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Chapter 7 - DO NOT PANIC!                                                                   SUICIDE CASES AND PREVENTION

Sheep

Farmers in the U.S.

Farmers in the U.S. have committed suicide 3.5 times more than any other group. 

It is a sensitive group that has been highly challenged due to various factors. Some of them are isolation, loss of profit, indebtedness, bankruptcies, Johne's disease (affecting cattle), weather adversities, key commodity prices falling, Chinese tariff challenges, and trade tensions.

The Midwest Center for Investigative Reporting uncovered that more than 450 farmers killed themselves across nine Midwestern states from 2014 to 2018. Most of them were men in their 50s and 60s.

Data on National Suicide (CDC)

Suicide is the 10th leading cause of death in the United States overall, and the second and fourth leading cause among persons aged 10-34 and 35-44 years, respectively. In just over two decades (1999-2019), approximately 800,000 deaths were attributed to suicide. There was a 33% increase in the suicide rate over the period.

In 2019 a total of 12 million adults reported serious thoughts of suicide during the past year, 3.5 million planned suicide, and 1.4 million attempted suicides.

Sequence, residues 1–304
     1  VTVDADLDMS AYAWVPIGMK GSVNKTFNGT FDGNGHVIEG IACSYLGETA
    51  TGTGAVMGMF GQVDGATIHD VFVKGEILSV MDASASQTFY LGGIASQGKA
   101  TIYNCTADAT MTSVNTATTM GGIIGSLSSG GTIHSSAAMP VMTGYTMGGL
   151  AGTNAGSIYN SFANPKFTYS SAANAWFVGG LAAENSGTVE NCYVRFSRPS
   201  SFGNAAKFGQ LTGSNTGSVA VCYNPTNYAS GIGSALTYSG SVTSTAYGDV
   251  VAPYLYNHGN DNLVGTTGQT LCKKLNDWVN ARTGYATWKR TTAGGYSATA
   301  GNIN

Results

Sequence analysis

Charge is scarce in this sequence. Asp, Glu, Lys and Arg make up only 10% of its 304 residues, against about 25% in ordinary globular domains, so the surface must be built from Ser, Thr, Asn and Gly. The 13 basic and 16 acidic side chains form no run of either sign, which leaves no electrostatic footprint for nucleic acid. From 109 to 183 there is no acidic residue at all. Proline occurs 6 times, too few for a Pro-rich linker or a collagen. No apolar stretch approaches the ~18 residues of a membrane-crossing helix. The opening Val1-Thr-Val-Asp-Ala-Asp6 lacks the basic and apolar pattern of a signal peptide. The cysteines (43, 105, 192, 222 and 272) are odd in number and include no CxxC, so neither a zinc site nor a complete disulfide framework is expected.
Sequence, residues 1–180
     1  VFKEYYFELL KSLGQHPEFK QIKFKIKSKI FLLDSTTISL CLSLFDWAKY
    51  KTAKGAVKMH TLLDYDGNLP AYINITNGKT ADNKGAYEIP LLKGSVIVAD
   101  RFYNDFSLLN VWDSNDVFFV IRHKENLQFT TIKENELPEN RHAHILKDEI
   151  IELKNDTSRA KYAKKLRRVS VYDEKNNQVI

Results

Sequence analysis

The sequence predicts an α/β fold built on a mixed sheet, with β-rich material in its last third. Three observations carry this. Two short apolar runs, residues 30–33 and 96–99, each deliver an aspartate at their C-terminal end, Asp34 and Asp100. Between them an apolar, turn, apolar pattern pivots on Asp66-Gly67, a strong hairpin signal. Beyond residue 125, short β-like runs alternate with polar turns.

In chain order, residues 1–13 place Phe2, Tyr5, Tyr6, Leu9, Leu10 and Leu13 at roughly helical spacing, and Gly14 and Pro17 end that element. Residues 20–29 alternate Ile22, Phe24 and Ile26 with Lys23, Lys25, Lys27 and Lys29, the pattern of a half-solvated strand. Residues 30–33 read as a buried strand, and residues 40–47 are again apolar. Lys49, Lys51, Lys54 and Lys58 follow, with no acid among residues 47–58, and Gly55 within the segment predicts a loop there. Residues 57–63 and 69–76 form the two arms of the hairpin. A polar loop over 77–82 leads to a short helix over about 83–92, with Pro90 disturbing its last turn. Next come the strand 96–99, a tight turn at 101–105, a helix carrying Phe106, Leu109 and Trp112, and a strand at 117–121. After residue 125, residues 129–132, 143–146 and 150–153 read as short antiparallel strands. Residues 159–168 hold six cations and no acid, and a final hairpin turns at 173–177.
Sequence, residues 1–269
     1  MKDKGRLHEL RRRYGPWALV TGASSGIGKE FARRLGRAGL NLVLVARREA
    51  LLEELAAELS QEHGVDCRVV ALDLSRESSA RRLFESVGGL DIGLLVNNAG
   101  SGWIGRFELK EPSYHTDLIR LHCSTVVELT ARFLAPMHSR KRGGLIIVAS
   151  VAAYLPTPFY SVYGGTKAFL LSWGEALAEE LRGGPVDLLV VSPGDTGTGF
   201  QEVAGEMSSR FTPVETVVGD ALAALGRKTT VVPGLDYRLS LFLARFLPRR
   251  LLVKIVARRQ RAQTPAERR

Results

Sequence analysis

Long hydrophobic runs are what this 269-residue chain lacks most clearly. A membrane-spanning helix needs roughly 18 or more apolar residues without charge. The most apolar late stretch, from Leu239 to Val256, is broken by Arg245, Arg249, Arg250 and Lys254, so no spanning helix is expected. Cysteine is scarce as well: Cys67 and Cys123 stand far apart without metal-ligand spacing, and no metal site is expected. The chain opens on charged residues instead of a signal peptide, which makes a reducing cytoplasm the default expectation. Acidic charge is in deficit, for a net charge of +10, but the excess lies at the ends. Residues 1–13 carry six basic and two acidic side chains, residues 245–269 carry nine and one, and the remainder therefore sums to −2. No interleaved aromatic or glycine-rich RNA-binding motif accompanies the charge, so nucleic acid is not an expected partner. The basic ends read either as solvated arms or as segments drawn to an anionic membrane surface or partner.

Suicides and suicide attempts in 2019 led to a lifetime combined medical and work-loss cost (i.e., the costs that accrue from the time of the injury through the course of a person's expected lifetime) of approximately 70 billion dollars.

Man Walking in Fields
Sunlight Portrait
Sunlight Portrait

Suicide rates in other parts of the world

Here are some shocking facts that they published in an article on December 4th, 2018, entitled, "100,000 attempt debt suicide each year: stop the debt threats."

 

• Over 420,000 people in problem debt considered taking their own life in England last year

 

• More than 100,000 people in debt attempt suicide each year

 

• People in problem debt are three times more likely to have considered suicide than people not in debt problem

 

Martin said that "The fact a law set decades ago doesn't just allow companies to use intimidating language when collecting debt, but near forces them to do so, causes tragedy. The last thing those struggling with debts need is a bunch of near-thuggish letters dropping through the letterbox in a language they cannot understand, threatening them with court action. And with such a tight link between mental health and debt crisis, we know many of the people receiving these letters are extremely vulnerable."

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